The value of hexavalent chromium as a reference toxicant was investigated by comparing the precision of two laboratories in preparing test solutions, examining the consistency of chromium exposure in the test chambers during experiments and determining the effect of nominal versus measured test concentrations on the calculated toxicity (EC50 or LC50). The sensitivities of the test animals to chromium were also determined.
The coefficients of variation associated with preparing chromium test concentrations were 51 and 63.8% in salt and fresh water, respectively, at one laboratory, and 136 and 14.8%, respectively, at the other laboratory. Hexavalent chromium remained stable in the hexavalent (as prepared) form during the toxicity test, with recoveries ranging from 77 to 114%. The precision of the analytical laboratory in measuring chromium-spiked fresh and salt waters ranged from 0.2 to 9.1%. The impact on the calculated EC50s or LC50s of using analytically measured versus nominal concentrations in the analyses was negligible. A comparison of seven species in 27 tests showed organism sensitivity (mean EC50 or LC50 as mg/L Cr6+) to chromium to be, in decreasing order of sensitivity: Ceriodaphnia sp. (0.031), Daphnia pulex (0.086), Mysidopsis almyra (5.1), Mysidopsis bahia (6.03), Cyprinodon variegatus (21.4), Pimephales promelas (26.1) and Lepomis macrochirus (182.9).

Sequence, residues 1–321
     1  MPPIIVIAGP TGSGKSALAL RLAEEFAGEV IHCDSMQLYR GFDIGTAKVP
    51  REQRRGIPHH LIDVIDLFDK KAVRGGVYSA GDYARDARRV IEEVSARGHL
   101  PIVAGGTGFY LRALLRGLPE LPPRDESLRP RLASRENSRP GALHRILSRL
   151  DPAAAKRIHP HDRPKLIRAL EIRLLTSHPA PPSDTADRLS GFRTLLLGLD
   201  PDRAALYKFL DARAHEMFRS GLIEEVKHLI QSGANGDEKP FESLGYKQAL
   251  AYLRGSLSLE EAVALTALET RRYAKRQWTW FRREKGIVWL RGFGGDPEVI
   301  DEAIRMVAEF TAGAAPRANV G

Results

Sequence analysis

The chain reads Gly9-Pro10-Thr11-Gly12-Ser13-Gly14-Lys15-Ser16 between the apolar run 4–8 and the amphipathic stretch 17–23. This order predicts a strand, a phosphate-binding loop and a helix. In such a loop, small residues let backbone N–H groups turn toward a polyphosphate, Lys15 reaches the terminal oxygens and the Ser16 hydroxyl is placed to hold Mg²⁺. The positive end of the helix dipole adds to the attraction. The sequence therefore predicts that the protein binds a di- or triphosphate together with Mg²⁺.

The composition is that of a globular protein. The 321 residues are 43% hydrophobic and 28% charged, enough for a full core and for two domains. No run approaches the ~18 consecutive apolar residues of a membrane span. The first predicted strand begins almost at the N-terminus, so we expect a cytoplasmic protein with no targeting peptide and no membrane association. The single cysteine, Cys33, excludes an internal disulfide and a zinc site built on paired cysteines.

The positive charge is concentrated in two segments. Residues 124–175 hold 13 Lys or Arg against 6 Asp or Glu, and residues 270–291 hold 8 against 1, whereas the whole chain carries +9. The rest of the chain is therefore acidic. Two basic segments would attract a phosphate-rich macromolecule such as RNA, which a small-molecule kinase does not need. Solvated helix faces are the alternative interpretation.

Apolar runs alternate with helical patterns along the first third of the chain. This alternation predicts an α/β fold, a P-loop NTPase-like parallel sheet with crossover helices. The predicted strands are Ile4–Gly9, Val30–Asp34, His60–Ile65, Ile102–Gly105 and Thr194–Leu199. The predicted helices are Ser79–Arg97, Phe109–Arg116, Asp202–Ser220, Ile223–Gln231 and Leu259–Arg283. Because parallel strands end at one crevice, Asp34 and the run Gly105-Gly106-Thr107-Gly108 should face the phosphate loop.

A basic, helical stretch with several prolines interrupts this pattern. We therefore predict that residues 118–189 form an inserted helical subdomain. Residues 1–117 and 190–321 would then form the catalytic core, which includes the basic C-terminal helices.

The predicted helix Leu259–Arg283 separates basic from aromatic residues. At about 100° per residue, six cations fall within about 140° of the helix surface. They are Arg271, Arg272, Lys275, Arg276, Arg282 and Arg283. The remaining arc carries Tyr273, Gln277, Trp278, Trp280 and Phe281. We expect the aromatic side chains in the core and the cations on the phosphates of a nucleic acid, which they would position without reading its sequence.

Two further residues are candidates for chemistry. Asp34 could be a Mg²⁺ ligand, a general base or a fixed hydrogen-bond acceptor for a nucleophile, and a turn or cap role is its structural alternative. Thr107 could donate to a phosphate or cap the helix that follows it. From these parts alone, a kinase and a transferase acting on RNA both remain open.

The 48-h LC50s for M. bahia were not significantly different (p < 0.05) either within or between laboratories during a 3-week study; values ranged from 5.49 to 7.72 mg/L Cr6+ in both laboratories (nominally) and from 4.21 to 7.23 mg/L Cr6+ when analytically verified by an independent laboratory. The acute toxicities of chromium to D. pulex differed significantly between laboratories, by almost one order of magnitude. Interlaboratory variability observed in D. pulex tests was attributed to differences in the test organisms' food. As reference toxicant tests, chromium tests are valuable benchmark indices of the relative health of test organisms over time or among laboratories. When toxicity test information is used in critical decision making, such as compliance with effluent permit limitations, a reference toxicant such as chromium contributes to quality control and assurance.